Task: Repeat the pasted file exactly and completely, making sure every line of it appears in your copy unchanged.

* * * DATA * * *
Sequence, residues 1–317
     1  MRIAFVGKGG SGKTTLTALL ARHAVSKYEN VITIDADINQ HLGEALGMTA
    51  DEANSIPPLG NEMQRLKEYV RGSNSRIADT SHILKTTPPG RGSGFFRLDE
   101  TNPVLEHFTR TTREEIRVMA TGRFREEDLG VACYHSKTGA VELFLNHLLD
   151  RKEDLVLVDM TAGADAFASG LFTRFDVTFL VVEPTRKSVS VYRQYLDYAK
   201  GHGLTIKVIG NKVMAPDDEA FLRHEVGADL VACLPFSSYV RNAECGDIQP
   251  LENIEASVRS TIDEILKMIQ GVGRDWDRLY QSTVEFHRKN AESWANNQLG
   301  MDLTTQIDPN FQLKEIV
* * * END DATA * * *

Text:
Sequence, residues 1–317
     1  MRIAFVGKGG SGKTTLTALL ARHAVSKYEN VITIDADINQ HLGEALGMTA
    51  DEANSIPPLG NEMQRLKEYV RGSNSRIADT SHILKTTPPG RGSGFFRLDE
   101  TNPVLEHFTR TTREEIRVMA TGRFREEDLG VACYHSKTGA VELFLNHLLD
   151  RKEDLVLVDM TAGADAFASG LFTRFDVTFL VVEPTRKSVS VYRQYLDYAK
   201  GHGLTIKVIG NKVMAPDDEA FLRHEVGADL VACLPFSSYV RNAECGDIQP
   251  LENIEASVRS TIDEILKMIQ GVGRDWDRLY QSTVEFHRKN AESWANNQLG
   301  MDLTTQIDPN FQLKEIV